TB: Tell us the story with Christians From Alabama? Any shows? Did any of these other early bands record demos or anything?
GW: CFA was what people called it, among other things, but Christians From Alabama was my favorite. To my knowledge no recordings exist. There was this guy who videoed a couple of shows but I was told he recorded over the tapes probably 15+ years ago. CFA shows were pretty wild. Deke Purple (Naked Intruder, Hotcakes!) was our singer and he is a very entertaining frontman. Sometimes we would have some punk lady back-up singers - they were referred to as the Doo-Twat Girls. The best show we played was with The Motards, that was a fun and very crazy night. We ended up back at a house that we were getting evicted from and completely destroyed it. Sean Chump was there too and I remember him doing some pretty cool graffiti throughout the house. I had so much fun with those guys that I ended moving to Austin for a bit. The 8 Bomb IV and The Minions had demo tapes for sure. Those were the two first releases on Jeth-Row Records!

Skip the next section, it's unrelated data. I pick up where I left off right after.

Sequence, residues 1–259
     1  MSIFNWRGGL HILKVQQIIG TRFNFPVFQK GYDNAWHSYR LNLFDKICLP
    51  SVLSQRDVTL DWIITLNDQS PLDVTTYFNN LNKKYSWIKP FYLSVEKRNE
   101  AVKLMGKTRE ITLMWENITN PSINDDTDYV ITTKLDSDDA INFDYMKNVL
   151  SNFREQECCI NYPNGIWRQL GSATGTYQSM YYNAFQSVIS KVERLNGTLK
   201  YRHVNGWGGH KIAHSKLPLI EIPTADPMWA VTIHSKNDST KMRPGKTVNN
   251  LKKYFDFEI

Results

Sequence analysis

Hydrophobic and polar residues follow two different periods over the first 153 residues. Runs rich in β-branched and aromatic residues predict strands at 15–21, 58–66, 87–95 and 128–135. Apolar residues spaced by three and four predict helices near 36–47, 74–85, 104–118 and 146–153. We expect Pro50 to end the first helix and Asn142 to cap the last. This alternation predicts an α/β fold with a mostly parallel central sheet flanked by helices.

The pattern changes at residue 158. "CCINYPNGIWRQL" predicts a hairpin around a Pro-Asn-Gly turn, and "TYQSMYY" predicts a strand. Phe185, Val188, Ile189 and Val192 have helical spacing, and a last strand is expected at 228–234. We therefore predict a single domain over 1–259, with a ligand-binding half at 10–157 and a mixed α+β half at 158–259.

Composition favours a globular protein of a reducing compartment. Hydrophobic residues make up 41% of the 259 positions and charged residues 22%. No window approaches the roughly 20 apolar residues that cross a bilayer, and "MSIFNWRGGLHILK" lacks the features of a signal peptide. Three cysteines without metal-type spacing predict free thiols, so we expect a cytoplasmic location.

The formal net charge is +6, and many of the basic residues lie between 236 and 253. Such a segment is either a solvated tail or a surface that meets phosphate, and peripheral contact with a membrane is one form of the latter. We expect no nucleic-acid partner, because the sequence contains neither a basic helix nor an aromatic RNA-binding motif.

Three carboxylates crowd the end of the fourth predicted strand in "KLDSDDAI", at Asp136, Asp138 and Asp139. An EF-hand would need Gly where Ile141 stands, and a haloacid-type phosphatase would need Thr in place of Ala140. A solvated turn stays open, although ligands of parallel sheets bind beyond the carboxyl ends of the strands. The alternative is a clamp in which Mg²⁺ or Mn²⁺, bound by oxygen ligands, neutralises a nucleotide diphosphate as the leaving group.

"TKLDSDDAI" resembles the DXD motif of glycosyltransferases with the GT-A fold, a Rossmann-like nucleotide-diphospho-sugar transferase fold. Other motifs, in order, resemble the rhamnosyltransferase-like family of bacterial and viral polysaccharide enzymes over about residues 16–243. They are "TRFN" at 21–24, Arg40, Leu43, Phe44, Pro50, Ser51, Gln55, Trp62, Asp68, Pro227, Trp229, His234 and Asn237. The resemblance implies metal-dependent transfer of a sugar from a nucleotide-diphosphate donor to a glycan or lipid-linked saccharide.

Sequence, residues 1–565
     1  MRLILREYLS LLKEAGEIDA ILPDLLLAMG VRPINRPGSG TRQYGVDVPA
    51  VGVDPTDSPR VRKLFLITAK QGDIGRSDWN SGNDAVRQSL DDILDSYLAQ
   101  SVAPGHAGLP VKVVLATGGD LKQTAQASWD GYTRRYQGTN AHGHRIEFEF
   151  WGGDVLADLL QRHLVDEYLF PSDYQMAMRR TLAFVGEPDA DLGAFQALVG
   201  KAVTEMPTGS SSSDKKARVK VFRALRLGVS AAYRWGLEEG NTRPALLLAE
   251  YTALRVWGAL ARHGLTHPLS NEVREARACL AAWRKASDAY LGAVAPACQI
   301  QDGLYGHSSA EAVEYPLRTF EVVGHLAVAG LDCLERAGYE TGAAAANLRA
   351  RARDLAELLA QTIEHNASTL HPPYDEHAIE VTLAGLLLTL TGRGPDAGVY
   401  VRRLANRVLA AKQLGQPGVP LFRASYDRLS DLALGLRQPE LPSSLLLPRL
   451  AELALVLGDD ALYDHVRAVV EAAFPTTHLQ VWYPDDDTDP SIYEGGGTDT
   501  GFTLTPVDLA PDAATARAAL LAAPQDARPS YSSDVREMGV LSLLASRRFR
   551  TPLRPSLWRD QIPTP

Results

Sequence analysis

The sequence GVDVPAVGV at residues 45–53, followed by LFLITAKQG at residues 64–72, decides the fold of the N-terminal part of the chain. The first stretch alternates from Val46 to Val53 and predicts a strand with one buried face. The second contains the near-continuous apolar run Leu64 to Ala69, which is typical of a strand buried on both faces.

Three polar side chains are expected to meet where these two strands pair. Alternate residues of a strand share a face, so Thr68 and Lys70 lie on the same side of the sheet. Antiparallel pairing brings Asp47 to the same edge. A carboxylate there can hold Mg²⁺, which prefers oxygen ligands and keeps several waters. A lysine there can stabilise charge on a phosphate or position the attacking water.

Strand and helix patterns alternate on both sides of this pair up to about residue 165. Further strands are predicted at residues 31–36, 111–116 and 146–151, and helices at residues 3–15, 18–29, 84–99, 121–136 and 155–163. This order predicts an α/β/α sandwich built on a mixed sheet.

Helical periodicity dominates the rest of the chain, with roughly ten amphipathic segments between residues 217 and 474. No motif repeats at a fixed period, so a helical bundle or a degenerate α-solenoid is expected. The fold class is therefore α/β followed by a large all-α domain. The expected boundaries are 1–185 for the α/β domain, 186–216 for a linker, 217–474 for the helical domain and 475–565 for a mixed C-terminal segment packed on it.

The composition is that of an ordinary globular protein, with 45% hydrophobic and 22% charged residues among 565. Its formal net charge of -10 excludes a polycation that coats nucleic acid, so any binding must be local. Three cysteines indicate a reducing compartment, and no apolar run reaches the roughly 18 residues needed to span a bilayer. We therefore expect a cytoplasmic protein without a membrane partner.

TB: How long were Scrip+s around for? I think that 7" is really under-rated, I love it. I've always wanted to ask if there's a true story behind the song "Japanese Tourist"...
Play "Japanese Tourist" by The Scrip+s